• 27
    Oh my gosh! I did a zip code search and discovered that the dietitians in the hospital where I work can perform this test! I am definitely intrigued and if I can swing it financially will have this testing done. Knowledge is power! - 8/29/2012   3:04:53 PM
  • 26
    Every doctor I have been to in the past fifty years is bound and determined I have thyroid problems because no matter what dietitian they sent me to or what program they gave me, I could never lose weight,,
    One summer I would consume about 4500 calories a day, not trying to lose, just pigging out, I was slimmer then,, I took iron pills, nothing else,, as long as I took those iron pills, I could eat virtually ANYTHING in any amounts, and the next day I would weigh myself and had lost a minimum of three pounds!! Overnight!!!
    I lost fifty five pounds in three months, eating anything that got in front of me,, like at one sitting, I ate a whole party pizza, an order of onion rings, a pitcher of pop, a banana split!! Next morning I lost one pound!! Crazy,,
    My metabolism is, and I quote about ten doctors, "The craziest thing I have ever seen!" Now I munch a big salad, water, and lose nothing..
    If I could afford this test, I might take it.. all things should only be guidelines however,, no science is perfect or exact...
    If it is accurate, it could be a great tool for medical professionals... - 8/29/2012   2:24:18 PM
  • 25
    I think that part of most people's "problem" is that they think they need to eat very little in order to lose weight. Many people aim for around 1200 calories a day, having heard that that's what dieters do. This article basically says that you DO have to eat more than that to lose weight (in most cases). I know that when I don't eat enough it definitely slows down my progress!

    If you're able to have this kind of testing, and then adjust your calorie intake, etc., it may be just the push you need - especially if you're on a plateau. The testing itself is just a way to find out that starting number. Ends a lot of guessing, since most calculations are based upon standard figures. - 8/29/2012   2:17:07 PM
  • 24
    What I would have found an interesting comparison is whether the RMR that SP would have calculated for those three individuals was more, less, or in the same range. There's really no value to spending $50 to $100 to get a more accurate number if the variation was within a couple hundred.

    Believe me ... I'm a math geek to the core. I have a spreadsheet on which I calculate my BMR from 4 common formulae, 2 based on LBM, and then average them, multiply for sedentary activity, add my calculated calorie burn and see how closely on target to my 500 calorie deficit the result is.

    But I'm a miser with money. I want to really see a value before I spend. In a scenario where fitness calories burned is an approximation, the likely amount of variation from the results of the formulae and this test don't seem particularly significant. (I say fitness calories burned are an approximation because when I put 30 minutes of "Stationary Bicycle, greater than 15mph" I will get the same calories burned whether I pedaled 16 mph at 1 resistance or 22 mph at 10 resistance. Obviously I would burn more calories with the latter.) - 8/29/2012   1:59:39 PM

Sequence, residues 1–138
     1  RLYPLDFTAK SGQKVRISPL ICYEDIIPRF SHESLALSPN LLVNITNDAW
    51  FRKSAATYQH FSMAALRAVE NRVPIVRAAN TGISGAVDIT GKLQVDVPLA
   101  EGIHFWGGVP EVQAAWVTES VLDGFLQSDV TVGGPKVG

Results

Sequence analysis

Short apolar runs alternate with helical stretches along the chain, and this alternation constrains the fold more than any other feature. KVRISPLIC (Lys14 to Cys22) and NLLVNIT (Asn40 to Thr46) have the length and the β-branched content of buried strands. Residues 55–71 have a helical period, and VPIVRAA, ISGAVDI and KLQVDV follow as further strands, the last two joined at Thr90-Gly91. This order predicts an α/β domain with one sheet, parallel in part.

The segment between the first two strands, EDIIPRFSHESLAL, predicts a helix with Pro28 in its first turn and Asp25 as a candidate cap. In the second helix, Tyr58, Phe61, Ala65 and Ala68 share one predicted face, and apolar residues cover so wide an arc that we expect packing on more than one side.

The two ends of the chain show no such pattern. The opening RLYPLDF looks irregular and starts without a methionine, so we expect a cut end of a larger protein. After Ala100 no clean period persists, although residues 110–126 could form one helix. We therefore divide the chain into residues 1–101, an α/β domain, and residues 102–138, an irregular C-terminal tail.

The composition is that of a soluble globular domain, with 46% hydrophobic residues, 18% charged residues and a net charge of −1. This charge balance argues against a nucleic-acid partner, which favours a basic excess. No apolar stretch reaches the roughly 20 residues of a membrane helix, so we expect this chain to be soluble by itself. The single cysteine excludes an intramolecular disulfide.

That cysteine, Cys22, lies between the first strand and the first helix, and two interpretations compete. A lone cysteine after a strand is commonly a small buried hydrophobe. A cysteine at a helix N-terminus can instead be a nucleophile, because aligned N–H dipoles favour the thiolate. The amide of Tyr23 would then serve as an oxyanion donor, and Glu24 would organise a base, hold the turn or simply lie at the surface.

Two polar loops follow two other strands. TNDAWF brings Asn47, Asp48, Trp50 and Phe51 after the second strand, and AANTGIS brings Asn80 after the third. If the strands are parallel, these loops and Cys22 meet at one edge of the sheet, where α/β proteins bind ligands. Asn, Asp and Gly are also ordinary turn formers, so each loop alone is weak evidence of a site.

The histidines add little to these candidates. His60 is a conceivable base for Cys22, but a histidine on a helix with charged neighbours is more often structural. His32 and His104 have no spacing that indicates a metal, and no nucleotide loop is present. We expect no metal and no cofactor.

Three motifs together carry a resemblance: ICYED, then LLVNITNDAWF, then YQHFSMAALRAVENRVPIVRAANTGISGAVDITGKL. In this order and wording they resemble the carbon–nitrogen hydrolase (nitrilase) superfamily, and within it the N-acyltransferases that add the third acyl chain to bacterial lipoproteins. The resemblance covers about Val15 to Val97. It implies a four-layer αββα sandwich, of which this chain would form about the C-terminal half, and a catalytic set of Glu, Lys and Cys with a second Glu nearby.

• 23
    A couple comments:

    "But more often than not, individuals who have been eating far less than their RMR but still aren't losing weight can mean one of two things, according to Dawn"

    I think there is a third "thing" that needs to be considered: inaccurate tracking of food. I bring that up because I know from personal experience how easy this is to mess things up. And while I used to BADLY underestimate how much food I was eating, I'm sure it goes both ways.

    Having said that, once I do hit my goal weight (4.6 pounds away!), this could be a very useful test to have. Thanks for share Coach Nicole! - 8/29/2012   1:57:09 PM
  • 22
    You can also get a pretty good estimate of your total calorie burn for free by counting your calories and watching what the scale does...

    Details here:
    www.sparkpeople.com/mypage_public_j
    ournal_individual.asp?blog_id=46361
    13


    :-)

    This method takes a lot of tracking and some basic spreadsheet skills, but what I like about it is that it adjusts over time as my activity increases or decreases, I eat more or less, etc.

    So you can kind of watch what's going on and adjust accordingly.
    - 8/29/2012   1:13:37 PM
  • 21
    I have never had this test and I wish I could afford it. My metabolism has been screwed up since my second round of chemo - 1 1/2 years ago!!!
    I know it will bounce back - dr says so but I hate waiting - 8/29/2012   1:03:38 PM
  • 20
    Wow, this sounds great. I just followed the link and found they do the testing at my community college which I attend 3x a week. Awesome. - 8/29/2012   1:00:37 PM
  • 19
    I had the impedence test done at my gym ( with electric current). I was told that most women have between 80 and 100 pounds of muscle, I am 120 pounds of muscle. And that I should be eating about 1700 calories a day. I go to spin class twice a week, walk, jog, ride my bike...and the scale was not moving. When I eat a little more, I lose weight. Reading books such as those by Gary Taubes indicate it is NOT always the calories in, calories out. The more info we have the better IMHO. This article and comments show it is so important not to judge someone on their size. They may be doing all the "right things" and still not getting the results they want. And how awesome is that that they keep at it. But how much more awesome to have another piece of the puzzle that might get them closer to their weight loss goal. - 8/29/2012   10:40:23 AM